Homeless Initiative- West Hollywood, CA

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Project at a Glance

  • Issue Area Community-police relations, Economic development, Health equity, Housing, Social services
  • Engagement Approaches Engaging traditionally marginalized groups, Partnering with residents, Surveys and data, Trust building, Youth Engagement
Project Description

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Homeless Initiative

Since its incorporation in 1984, the City of West Hollywood has recognized its role, historically and currently, as a refuge for LGBT individuals who are rejected by their families and home communities. LGBT youth and adults come to West Hollywood seeking safety and self-determination, but sometimes lack adequate support networks and end up without housing. Many shelters are not equipped to house transgender individuals and, historically, homeless services have not been inclusive of the needs of LGBT youth and adults.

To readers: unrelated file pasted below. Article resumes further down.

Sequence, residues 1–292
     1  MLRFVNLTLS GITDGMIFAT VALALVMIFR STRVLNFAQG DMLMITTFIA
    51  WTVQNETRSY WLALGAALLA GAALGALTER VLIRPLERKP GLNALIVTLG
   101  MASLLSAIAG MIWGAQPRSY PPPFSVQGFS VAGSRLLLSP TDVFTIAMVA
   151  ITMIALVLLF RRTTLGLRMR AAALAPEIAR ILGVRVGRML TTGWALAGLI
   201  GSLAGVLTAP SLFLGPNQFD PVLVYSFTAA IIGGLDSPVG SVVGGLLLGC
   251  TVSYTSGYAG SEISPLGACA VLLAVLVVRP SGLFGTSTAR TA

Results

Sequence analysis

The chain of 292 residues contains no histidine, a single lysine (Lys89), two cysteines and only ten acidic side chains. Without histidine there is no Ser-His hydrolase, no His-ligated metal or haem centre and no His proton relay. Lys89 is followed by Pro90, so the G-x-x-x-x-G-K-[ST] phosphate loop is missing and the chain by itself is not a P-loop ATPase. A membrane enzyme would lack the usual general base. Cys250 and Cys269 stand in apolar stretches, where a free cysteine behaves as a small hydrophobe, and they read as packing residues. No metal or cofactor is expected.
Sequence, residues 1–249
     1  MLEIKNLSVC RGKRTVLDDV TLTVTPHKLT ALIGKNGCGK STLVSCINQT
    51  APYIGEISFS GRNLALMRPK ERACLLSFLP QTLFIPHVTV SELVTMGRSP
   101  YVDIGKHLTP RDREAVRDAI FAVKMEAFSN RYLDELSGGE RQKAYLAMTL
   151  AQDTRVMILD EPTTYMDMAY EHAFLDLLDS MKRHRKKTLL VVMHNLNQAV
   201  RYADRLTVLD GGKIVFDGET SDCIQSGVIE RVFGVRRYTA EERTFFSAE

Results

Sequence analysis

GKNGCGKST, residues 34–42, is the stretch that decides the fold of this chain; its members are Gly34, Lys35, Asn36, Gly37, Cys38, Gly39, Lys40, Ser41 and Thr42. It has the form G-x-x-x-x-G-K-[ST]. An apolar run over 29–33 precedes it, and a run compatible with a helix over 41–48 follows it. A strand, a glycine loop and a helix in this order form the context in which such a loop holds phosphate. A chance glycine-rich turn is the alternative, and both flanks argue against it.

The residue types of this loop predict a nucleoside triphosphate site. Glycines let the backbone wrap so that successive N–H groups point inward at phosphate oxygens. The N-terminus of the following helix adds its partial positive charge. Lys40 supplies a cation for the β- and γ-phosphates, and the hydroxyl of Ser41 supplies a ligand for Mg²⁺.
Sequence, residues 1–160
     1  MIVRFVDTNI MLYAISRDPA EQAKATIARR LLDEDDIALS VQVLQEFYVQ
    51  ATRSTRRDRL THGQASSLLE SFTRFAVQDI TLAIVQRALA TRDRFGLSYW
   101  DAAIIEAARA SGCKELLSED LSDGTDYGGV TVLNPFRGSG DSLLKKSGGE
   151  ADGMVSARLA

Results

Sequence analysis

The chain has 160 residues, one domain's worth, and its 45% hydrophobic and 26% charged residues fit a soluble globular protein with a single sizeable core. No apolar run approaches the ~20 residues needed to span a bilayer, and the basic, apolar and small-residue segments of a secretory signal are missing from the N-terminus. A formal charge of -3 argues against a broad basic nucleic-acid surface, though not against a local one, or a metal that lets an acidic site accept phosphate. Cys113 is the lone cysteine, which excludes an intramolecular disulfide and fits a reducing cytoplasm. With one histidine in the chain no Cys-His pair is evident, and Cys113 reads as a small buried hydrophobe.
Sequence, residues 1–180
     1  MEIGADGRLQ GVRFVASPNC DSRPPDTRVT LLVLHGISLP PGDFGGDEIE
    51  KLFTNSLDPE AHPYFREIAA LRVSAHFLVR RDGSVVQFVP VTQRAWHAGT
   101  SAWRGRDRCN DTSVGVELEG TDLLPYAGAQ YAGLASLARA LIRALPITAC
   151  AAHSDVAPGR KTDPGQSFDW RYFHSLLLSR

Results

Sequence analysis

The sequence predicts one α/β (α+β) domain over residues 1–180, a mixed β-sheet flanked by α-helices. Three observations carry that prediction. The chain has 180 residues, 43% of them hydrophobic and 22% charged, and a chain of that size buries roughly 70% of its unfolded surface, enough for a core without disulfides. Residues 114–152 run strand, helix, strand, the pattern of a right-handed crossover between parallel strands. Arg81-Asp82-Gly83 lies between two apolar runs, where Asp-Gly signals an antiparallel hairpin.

In addition, West Hollywood has a significant population of older adults who are 65 years and older and 30.8% of them are living below the poverty line. Older adults on fixed incomes often face the harsh realities of the high cost of life essentials, such as food and medical care. In West Hollywood, these individuals are often renters and can be at risk of homelessness if they lose their housing, if household expenses change, or if they are no longer able to live independently.


  1. To connect community members experiencing homelessness to appropriate services
  2. To respond to community impacts due to homelessness; and
  3. To provide opportunities for community education and engagement.

Project Summary: